That first afternoon/evening fished the north branch, a rugged wild stream with no paths I could see. That is unprecedented in my experience: every other trout stream I know has at least informal fisherman trails wandering around it. It may be the rainforest outgrows the foot traffic. Raining hard, mist, light rain, more rain, varieties of rain. Corn too, as well as the cows etcetera.

First fish quickly, took a swung Invicta with such a trusting little nibble and pull. Generally they were not shy, got a couple whacks that moved the fly line 6" or more. That's the advantage of off-color water, none of your shy fish, it's eat quick or go hungry for them.

This was the clearest water I saw the whole trip.

Switched to a dry fly just because I'd rather fish that. The beetle got no response for several pools, then suddenly five or six in one pool and another in the riffle at the head.

Getting late and dark and spooky out in the woods, quit for the day.

Dinner at Johnny's Whitewater Saloon, 8:30pm on Labor day evening and it was full of people shouting and cussing at the tops of their voices. Wut. Nice barwoman was apologetic, "sorry it gets loud in here". Draft beer was all drunk up, only bottled left, been a long weekend I guess. An unexpectedly good pizza and beer then left before trouble could start.

Rained all night.  In the morning tried for Trout Run, pretty stream at Hardwood access, park-like lawns and trees. I could tell this would be a good trout stream, given water a bit less like chocolate milk with visibility 2-3".

Got one on a black leech, then a nice 13" in an eddy. He refused to pose for me.

Nothing after that for an hour or more, quit and went to look for clearer water. Pretty stream though.

Drove through the corn to a Trout Unlimited signpost for access to creek. Some farmer graffiti written on white plastic wrapping haybales, "without farmers you'd be hungry, naked, and sober". Fair enough.

Lots of cows staring blankly at me. Access on the ground did not match that on the map - good clear path in to the trees, then unclear, turns out need to go straight on through the trees downhill. Map said access went on upstream, signs said no. Went down for a bit planning to go to the confluence with a larger river, but hit another fenced non-access section. There might have been a path around that section ? but not at all clear if just cowpath, gave up.

DNR says big browns in this tiny creek, suspect these are spawners running up from main river - didn't look like a very rich stream itself, though I did get four fish in the 10-11" range out of the liquid mud. Too thick to drink, too thin to plough, as they used to say of the Platte river.

Tailgate lunch back at the car, excellent Wisconsin sharp cheddar and Canadian (?) tomatoes.

Lost Creek a jungle around many deadfalls. Hot by now, lots of stinging nettles and tangling creeper, no path, gave up - need long pants or heavy-duty waders to thrash through there. No sign of fish in 30min, some decent pools. DNR says high biomass but couldn't prove it by me.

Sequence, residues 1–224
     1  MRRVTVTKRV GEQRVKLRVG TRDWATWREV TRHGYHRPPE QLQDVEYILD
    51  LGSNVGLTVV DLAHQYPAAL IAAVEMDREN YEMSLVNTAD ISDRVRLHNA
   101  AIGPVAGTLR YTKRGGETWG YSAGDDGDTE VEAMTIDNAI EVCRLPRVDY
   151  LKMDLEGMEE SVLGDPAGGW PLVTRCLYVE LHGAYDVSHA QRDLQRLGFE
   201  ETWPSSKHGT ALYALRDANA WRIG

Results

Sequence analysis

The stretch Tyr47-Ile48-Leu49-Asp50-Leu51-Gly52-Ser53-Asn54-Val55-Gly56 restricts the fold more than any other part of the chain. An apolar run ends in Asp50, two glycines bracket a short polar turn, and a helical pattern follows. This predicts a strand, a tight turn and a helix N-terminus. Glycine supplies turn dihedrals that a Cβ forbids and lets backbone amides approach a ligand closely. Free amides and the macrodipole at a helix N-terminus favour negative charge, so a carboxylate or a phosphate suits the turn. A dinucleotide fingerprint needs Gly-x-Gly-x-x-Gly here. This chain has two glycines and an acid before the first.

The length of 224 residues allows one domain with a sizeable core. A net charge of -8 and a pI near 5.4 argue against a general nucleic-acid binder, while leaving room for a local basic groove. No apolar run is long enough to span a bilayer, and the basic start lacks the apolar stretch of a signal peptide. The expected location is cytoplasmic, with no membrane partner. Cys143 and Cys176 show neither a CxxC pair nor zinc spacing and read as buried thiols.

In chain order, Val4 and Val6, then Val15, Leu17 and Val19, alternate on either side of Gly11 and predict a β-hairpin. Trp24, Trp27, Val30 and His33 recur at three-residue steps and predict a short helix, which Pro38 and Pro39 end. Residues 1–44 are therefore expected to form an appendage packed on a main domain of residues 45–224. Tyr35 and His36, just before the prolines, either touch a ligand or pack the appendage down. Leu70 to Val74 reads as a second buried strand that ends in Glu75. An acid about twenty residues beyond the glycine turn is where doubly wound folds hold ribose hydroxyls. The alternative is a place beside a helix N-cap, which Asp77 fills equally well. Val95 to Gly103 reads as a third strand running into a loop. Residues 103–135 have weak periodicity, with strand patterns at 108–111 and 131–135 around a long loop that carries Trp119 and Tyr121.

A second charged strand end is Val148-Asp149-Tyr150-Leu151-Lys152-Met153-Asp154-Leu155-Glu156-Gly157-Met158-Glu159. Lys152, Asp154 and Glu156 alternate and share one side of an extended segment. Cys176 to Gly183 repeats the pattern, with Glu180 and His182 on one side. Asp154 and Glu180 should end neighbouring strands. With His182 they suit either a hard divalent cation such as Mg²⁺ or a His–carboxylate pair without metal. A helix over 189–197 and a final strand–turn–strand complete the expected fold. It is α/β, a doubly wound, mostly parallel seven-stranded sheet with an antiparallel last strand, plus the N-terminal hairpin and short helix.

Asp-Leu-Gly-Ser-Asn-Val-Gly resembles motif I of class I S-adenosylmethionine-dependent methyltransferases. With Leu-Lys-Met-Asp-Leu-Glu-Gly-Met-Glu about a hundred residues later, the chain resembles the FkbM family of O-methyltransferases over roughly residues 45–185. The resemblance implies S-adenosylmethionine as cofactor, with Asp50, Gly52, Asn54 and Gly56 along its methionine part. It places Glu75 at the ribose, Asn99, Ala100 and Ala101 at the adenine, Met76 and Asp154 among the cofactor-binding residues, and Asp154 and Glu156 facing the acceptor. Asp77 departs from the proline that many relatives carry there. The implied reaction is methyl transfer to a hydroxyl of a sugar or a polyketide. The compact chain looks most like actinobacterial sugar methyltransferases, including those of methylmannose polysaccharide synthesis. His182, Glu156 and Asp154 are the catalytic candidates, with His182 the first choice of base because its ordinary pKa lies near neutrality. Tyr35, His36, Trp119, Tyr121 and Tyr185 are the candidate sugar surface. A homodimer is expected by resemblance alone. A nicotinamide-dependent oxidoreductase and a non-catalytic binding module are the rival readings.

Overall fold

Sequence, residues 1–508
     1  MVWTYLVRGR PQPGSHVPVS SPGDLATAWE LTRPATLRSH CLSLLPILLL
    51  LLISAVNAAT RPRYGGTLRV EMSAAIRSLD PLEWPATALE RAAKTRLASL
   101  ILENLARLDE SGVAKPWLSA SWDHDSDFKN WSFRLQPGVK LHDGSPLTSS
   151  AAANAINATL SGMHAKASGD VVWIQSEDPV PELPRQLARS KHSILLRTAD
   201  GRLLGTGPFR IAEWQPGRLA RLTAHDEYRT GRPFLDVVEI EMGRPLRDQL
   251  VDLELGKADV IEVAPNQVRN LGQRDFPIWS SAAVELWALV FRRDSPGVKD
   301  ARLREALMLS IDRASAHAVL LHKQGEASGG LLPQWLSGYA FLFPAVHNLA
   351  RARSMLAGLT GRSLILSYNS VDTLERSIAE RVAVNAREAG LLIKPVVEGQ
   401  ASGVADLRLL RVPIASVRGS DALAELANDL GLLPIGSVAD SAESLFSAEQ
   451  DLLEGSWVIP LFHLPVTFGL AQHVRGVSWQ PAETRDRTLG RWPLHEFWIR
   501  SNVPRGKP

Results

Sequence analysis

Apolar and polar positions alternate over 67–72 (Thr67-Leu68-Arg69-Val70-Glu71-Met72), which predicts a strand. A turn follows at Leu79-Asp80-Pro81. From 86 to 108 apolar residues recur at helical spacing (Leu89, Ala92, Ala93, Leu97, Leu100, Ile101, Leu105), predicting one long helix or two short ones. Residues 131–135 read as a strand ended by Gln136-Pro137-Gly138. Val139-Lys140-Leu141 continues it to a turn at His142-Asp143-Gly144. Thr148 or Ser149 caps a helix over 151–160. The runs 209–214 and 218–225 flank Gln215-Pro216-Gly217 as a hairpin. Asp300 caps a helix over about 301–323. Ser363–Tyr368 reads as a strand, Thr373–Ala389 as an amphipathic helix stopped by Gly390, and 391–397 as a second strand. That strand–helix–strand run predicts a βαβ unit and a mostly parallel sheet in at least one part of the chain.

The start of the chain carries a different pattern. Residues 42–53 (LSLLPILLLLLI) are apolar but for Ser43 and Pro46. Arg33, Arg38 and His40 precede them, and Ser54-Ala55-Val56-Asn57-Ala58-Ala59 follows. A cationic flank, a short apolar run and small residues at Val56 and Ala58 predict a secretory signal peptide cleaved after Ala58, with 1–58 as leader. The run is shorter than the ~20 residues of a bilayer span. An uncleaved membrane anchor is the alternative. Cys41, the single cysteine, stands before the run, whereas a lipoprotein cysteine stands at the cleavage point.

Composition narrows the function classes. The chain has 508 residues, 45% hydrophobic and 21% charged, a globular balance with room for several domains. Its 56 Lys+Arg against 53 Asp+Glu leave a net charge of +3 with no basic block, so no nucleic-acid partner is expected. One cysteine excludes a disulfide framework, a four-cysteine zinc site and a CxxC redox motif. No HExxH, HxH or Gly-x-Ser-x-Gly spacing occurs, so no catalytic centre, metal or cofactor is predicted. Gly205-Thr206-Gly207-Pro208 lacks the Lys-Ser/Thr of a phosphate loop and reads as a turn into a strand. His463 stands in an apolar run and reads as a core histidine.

South branch Root River just upstream from Lanesboro looked like a catfish river, big muddy with high banks. Floundered around for a bit, caught a few small chub, no signs of other life. Difficult to move on river and implausible habitat, gave up and went into town.

Found an unexpectedly good inexpensive single malt from Granny's Liquors, Tomatin Dualchas. Granny warned me of flooding and tornadoes in the forecast. Well that's why I went in there to get the whisky. Wandered into Root River Rods Inc, wasted Steve's time with my aimless chitchat. I'd have backed off if a real customer with actual money had appeared. He told me the wild parsnips were even worse than the nettles. Ferocious vegetables stalk the MN rainforests I find.

An hour or two of daylight left, so left to try a creek in state forest, hoping the forest would provide less muddy runoff than agricultural land. It was running strong but had visibility.

Very small water, expectations low, then got six fish in 45min up to 14", golly.

That was the best fishing of the trip, though the north branch had been fine too.

By now it was a dark and stormy night, baled.

Nice pub in Lanesboro but very busy, could not figure out how to get food, quit and went next door to sandwich place, excellent cheeseburger and fries for $10. Drove back to camp in whiteout rain which was a new experience, have driven in whiteout snow but not yet rain. Tent was utterly saturated, pools of water on top of inner and on floor of tent. The groundsheet under the floor was dry, the only dry part of the tent. Rearranged all my luggage in the car and slid seats around until I could lie crossways. It was fairly comfortable but intensely hot with the windows closed. Rain poured in the windows even at the slightest crack open, lay there and panted.